In New York, Carex collinsii is only known from Long Island and Staten Island and is very close to the north edge of the species' range.
Carex collinsii is mainly known from the coastal plain of the eastern United States but there are a few scattered inland populations as well. It occurs from Rhode Island, Connecticut, and New York south to Georgia (Mackenzie 1931-1935, Standley 2002).
Collins' sedge is a tufted, grass-like perennial. Leaves mostly occur towards the lower part of the stems and are 5 mm wide. Stems are 17-75 cm tall and are terminated by a narrowly cylindrical cluster of male flowers. Secondary braches arise off of the main stems and are terminated by flower/fruit clusters (spikes). These spikes are composed of all female flowers or sometimes have a few male flowers at their summits. The female flowers develop into fruits (perigynia) which radiate out from the spikes, are 15 mm long and quite narrow, and are terminated by small hooks (Mackenzie 1931-1935, Standley 2002).
Carex collinsii is cespitose and short-rhizomatous. Basal leaf sheaths are purple-brown and the blades are 5 mm wide. Culms are 15-75 mm tall and the bracts are leaf-like and shorter than the inflorescences. There are 4-5 lateral pistillate or androgynous spikes. These lateral spikes are 6-10 flowered. The terminal spike is staminate and 5-10 mm long. Perigynia are subulate, green, red-brown spotted, 15 mm long, 1.2 mm wide, and taper gradually to an elongated beak. The perigynia beak is terminated by two teeth which are up to 1 mm long and reflex at maturity (Mackenzie 1931-1935, Standley 2002).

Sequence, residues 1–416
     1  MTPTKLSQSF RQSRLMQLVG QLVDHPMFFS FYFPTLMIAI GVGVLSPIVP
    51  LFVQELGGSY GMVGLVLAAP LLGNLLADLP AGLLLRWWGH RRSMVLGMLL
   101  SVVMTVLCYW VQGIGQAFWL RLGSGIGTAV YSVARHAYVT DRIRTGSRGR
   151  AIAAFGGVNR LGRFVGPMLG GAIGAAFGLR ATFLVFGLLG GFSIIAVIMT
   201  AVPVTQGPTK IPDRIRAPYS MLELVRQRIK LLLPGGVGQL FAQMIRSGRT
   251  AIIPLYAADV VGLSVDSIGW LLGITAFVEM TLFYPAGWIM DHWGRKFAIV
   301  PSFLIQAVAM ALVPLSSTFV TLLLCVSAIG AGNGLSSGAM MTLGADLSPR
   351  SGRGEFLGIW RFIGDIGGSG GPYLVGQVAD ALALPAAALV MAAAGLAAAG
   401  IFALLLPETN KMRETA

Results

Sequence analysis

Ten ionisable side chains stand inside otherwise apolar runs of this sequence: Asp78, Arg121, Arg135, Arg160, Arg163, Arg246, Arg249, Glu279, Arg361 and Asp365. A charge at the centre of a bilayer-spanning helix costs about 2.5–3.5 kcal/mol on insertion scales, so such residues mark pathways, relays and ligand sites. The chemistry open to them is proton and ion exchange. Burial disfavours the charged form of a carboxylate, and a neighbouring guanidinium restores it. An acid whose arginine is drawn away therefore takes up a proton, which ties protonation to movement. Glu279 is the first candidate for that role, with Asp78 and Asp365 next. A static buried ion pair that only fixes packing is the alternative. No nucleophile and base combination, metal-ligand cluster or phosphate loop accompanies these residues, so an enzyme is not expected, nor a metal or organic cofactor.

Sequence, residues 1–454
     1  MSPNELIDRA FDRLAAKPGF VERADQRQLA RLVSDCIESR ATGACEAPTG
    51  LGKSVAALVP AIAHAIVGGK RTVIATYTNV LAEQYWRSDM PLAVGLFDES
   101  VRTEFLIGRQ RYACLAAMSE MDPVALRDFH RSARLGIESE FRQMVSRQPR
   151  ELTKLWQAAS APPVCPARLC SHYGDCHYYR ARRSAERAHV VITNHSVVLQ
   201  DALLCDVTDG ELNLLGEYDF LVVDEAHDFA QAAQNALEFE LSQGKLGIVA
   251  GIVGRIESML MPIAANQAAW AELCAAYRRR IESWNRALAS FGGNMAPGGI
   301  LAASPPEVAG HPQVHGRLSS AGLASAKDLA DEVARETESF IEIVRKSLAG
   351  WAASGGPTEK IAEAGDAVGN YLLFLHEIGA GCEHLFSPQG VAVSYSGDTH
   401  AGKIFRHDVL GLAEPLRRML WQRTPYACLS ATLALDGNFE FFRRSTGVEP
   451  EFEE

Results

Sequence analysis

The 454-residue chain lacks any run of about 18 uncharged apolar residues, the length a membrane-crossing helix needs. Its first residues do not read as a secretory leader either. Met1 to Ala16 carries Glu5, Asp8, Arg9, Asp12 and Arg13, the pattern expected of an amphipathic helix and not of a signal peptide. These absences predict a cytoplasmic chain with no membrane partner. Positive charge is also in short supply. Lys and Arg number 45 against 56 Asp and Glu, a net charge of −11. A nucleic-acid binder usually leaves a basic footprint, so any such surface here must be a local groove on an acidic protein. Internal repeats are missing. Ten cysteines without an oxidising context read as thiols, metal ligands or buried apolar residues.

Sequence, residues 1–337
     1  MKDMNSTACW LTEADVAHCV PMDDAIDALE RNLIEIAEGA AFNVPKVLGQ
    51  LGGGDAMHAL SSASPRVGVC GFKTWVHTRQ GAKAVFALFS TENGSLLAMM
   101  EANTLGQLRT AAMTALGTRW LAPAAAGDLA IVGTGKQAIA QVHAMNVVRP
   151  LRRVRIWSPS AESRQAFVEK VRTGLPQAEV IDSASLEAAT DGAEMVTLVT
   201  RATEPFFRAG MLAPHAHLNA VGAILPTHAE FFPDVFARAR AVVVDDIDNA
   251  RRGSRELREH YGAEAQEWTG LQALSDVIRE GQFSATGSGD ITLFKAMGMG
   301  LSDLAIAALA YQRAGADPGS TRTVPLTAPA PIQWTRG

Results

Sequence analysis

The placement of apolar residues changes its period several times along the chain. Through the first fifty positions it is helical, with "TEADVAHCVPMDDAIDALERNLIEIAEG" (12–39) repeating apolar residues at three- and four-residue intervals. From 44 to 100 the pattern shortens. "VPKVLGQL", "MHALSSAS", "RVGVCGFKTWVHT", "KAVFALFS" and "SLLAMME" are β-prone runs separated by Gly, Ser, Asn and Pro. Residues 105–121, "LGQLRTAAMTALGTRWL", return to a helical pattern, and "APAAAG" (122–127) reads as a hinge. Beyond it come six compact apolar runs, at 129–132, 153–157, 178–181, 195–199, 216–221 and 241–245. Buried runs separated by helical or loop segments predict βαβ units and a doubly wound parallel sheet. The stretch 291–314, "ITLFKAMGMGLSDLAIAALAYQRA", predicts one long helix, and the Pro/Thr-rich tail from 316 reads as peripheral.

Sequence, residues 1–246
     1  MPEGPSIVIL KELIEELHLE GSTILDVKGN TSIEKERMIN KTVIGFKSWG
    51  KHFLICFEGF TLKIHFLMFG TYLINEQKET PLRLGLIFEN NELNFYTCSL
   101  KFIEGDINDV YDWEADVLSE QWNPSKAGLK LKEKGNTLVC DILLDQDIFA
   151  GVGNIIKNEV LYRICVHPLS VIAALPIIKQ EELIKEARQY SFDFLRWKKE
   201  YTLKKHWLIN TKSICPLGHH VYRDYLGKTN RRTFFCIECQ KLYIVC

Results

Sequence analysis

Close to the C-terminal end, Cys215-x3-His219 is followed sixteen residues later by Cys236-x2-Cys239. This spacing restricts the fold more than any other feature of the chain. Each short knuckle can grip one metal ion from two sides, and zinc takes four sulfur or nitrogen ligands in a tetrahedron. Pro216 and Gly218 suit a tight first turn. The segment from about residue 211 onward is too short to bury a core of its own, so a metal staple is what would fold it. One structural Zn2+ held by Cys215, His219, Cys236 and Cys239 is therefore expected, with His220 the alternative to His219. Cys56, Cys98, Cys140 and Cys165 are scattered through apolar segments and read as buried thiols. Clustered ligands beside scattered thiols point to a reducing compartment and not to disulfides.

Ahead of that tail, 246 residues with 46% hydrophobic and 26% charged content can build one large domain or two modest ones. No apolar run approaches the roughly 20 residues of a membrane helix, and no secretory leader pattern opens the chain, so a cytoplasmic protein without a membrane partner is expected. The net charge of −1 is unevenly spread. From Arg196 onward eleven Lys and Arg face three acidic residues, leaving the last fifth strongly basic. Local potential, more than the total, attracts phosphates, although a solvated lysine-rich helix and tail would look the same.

It is easiest to identify C. collinsii when it has immature to mature perigynia.
Carex collinsii perhaps most resembles C. folliculata or C. michauxiana although it is quite distinct from these two species. It can be separated from these two by the perigynium beak teeth which are reflexed at maturity and the purple-brown basal leaf sheaths. In comparison, Carex folliculata and C. michauxiana have perigynium beak teeth straight and brown basal leaf sheaths.
Carex collinsii starts to produce immature perigynia in late June. These mature and persist into mid August or a little later. The perigynia start to shed during the later part of this season. Therefore, the best time to survey for this species is July through early August.
The time of year you would expect to find Collins' Sedge fruiting in New York.